Zircon forms economic concentrations within heavy mineral sands ore deposits, within certain pegmatites and within some rare alkaline volcanic rocks, for example the Toongi Trachyte, Dubbo, New South Wales Australia[1] in association with the zirconium-hafnium minerals eudiyalite and armstrongite.

Zircons and radiometric dating

The pervasive occurrence of zircon has become more important since the discovery of radiometric dating. Zircons contain amounts of uranium and thorium (from 10 ppm up to 1 wt%) and can be dated using modern analytical techniques. Since zircons can survive geologic processes like erosion, transport, even high-grade metamorphism, they are used as protolith indicators.

The oldest minerals found so far are zircons from Jack Hills in the Narryer Gneiss Terrane, Yilgarn Craton, Western Australia, with an age of 4.404 billion years,[2] interpreted to be the age of crystallization. These zircons might not only be the oldest minerals on earth, they also show another interesting feature. Their oxygen isotopic composition has been interpreted to indicate that more than 4.4 billion years ago there was already water on the surface of the Earth. This spectacular interpretation has been published in top scientific journals, but is the subject of debate. Perhaps the oxygen isotopes and other compositional features (the rare earth elements) record more recent hydrothermal alteration of the zircons rather than the composition of the magma at the time of their original crystallization.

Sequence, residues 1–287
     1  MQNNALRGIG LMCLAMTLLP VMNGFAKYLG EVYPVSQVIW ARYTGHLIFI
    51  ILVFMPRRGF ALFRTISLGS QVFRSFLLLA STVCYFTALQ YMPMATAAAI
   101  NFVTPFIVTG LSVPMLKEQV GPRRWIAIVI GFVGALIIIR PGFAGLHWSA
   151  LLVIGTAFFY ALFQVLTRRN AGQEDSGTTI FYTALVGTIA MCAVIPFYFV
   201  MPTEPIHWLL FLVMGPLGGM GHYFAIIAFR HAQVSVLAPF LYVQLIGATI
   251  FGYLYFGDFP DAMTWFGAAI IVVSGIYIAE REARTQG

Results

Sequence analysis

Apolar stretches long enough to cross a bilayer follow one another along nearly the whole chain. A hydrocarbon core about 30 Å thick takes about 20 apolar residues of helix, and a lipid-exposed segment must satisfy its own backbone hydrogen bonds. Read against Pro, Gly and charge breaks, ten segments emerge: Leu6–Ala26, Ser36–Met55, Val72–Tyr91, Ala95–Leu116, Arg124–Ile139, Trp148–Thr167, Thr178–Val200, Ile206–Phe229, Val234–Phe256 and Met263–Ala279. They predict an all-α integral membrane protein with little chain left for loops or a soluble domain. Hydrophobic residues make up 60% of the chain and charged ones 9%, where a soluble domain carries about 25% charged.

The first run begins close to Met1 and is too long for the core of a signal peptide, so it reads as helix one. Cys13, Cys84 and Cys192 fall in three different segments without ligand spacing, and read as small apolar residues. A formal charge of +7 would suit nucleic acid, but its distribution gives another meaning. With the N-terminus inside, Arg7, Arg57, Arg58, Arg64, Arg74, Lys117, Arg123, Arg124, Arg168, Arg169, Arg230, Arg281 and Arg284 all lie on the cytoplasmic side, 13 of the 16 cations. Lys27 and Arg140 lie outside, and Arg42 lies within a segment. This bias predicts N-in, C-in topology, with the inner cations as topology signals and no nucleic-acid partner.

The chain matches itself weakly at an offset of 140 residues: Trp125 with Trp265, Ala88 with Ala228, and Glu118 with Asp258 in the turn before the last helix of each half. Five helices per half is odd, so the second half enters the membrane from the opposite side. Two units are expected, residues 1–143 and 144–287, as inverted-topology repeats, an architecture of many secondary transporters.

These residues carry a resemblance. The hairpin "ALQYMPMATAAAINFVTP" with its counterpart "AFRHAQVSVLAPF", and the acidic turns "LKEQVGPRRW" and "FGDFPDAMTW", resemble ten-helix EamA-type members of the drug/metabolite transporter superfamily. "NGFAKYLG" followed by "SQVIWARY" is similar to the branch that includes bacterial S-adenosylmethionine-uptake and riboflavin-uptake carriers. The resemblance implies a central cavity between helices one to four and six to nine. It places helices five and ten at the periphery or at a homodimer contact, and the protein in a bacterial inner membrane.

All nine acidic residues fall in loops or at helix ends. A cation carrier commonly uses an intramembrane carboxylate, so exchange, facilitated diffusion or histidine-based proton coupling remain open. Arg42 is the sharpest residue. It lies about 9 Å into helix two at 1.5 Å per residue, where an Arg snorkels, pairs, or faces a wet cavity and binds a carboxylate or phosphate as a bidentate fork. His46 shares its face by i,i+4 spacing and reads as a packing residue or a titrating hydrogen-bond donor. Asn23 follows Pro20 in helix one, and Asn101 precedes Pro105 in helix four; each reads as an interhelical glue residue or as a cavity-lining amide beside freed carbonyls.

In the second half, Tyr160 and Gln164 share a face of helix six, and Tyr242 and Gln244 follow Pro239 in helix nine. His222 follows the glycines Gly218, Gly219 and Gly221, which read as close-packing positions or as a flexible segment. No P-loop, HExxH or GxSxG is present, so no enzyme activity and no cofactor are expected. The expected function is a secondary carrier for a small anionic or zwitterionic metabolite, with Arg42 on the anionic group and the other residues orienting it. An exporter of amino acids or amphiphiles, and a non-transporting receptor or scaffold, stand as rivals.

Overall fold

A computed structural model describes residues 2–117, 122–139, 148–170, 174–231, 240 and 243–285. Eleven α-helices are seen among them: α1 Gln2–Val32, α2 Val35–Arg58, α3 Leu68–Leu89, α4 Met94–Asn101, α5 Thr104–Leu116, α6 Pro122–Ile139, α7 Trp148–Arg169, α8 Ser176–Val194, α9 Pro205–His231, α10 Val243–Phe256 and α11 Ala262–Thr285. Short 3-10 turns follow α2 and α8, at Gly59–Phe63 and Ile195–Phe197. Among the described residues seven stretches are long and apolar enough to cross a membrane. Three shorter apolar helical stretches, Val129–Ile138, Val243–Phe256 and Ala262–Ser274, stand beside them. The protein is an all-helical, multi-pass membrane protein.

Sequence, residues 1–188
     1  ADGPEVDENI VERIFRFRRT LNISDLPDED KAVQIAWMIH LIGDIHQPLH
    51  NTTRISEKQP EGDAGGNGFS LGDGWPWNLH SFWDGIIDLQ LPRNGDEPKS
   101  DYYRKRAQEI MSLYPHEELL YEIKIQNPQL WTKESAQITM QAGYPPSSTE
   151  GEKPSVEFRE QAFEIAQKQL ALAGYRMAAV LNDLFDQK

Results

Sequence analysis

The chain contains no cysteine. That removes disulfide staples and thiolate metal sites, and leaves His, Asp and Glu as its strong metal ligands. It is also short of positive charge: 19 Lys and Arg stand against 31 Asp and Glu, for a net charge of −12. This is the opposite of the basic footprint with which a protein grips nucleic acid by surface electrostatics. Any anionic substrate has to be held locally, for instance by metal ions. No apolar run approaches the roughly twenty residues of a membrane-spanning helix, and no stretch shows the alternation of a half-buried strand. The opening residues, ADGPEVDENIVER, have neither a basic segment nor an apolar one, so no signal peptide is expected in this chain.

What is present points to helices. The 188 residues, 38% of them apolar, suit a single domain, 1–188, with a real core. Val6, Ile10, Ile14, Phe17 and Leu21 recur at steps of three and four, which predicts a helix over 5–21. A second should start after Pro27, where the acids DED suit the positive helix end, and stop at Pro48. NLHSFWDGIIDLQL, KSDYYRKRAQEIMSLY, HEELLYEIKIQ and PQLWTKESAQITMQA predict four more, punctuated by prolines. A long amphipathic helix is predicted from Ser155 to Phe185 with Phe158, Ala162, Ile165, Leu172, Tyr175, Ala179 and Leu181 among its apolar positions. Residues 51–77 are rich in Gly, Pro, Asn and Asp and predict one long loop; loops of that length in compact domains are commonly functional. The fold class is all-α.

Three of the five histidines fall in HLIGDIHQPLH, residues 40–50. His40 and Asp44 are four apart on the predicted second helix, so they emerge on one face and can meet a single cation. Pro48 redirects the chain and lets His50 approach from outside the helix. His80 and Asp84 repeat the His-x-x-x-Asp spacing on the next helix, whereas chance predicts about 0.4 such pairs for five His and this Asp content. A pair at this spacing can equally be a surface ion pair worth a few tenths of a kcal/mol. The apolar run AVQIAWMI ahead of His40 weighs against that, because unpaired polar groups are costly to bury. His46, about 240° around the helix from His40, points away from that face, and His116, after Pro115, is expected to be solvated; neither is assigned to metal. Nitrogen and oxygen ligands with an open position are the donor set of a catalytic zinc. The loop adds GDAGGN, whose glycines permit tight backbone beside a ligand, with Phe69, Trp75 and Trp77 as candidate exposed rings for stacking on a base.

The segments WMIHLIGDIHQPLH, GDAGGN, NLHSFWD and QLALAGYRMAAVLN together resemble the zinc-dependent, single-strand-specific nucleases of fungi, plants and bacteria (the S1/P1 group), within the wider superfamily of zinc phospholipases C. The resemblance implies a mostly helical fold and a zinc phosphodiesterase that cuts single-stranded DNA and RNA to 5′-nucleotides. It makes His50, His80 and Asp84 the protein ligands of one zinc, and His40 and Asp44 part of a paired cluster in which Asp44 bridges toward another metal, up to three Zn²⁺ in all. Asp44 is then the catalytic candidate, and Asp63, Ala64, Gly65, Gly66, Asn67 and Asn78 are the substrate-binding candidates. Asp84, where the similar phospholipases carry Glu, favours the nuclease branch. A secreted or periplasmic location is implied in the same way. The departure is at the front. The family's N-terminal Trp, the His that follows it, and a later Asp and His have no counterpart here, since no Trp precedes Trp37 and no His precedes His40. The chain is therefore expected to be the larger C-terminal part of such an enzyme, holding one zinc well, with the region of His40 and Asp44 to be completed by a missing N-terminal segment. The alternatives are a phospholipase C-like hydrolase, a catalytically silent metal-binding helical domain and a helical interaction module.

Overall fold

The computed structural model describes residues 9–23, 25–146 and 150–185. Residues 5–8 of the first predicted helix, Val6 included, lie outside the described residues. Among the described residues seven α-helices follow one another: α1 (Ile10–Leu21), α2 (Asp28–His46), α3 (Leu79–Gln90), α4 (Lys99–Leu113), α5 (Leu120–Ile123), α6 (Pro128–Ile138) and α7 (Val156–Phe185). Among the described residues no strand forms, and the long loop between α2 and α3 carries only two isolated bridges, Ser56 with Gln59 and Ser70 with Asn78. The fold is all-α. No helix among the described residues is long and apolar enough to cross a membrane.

See also

Further reading


  • The most comprehensive and up-to-date work on zircon and its related disciplines is the Mineralogical Society of America monograph published in late 2003: Hanchar & Hoskin (2003). Zircon. Reviews in Mineralogy and Geochemistry, volume 53, 500 pages.
  • D. J. Cherniak and E. B. Watson (2000). "Pb diffusion in zircon". Chemical Geology 172: pp. 5-24.
  • A. N. Halliday (2001). "In the beginning…". Nature 409: pp. 144-145.
  • Hermann Köhler (1970). "Die Änderung der Zirkonmorphologie mit dem Differentiationsgrad eines Granits". Neues Jahrbuch Mineralogische Monatshefte 9: pp. 405 - 420.
  • K. Mezger and E. J. Krogstad (1997). "Interpretation of discordant U-Pb zircon ages: An evaluation". Journal of Metamorphic Geology 15: pp. 127-140.
  • J. P. Pupin (1980). "Zircon and Granite petrology". Contributions to Mineralogy and Petrology 73: pp. 207-220.
  • Gunnar Ries (2001). "Zirkon als akzessorisches Mineral". Aufschluss 52: pp. 381-383.
  • P. Tondar (1991): Zirkonmorphologie als Charakteristikum eines Gesteins. Dissertation an der Ludwig-Maximilians-Universität München, 87 pp.
  • G. Vavra (1990). "On the kinematics of zircon growth and its petrogenetic significance: a cathodoluminescence study". Contributions to Mineralogy and Petrology 106: pp. 90-99.
  • G. Vavra (1994). "Systematics of internal zircon morphology in major Variscan granitoid types". Contributions to Mineralogy and Petrology 117: pp. 331-344.
  • John W. Valley, William H. Peck, Elizabeth M. King, Simon A. Wilde (2002). "A Cool Early Earth". Geology 30: 351-354. doi:10.1130/0091-7613(2002)030<0351:ACEE>2.0.CO;2 10.1130/0091-7613(2002)030<0351:ACEE>2.0.CO;2. A Cool Early Earth. Zircons Are Forever. Retrieved on 11 April, 2005.


  1. ^ Dubbo Zirconia Project Fact Sheet June 2007 (06/2007). Retrieved on 2007-09-10.
  2. ^
  • Hurlbut, Cornelius S.; Klein, Cornelis, 1985, Manual of Mineralogy, 20th ed., ISBN 0-471-80580-7
  • Geochemistry of old zircons
  • Mineral galleries
  • Webmineral
  • Mindat
This article is licensed under the GNU Free Documentation License. It uses material from the Wikipedia article "Zircon". A list of authors is available in Wikipedia.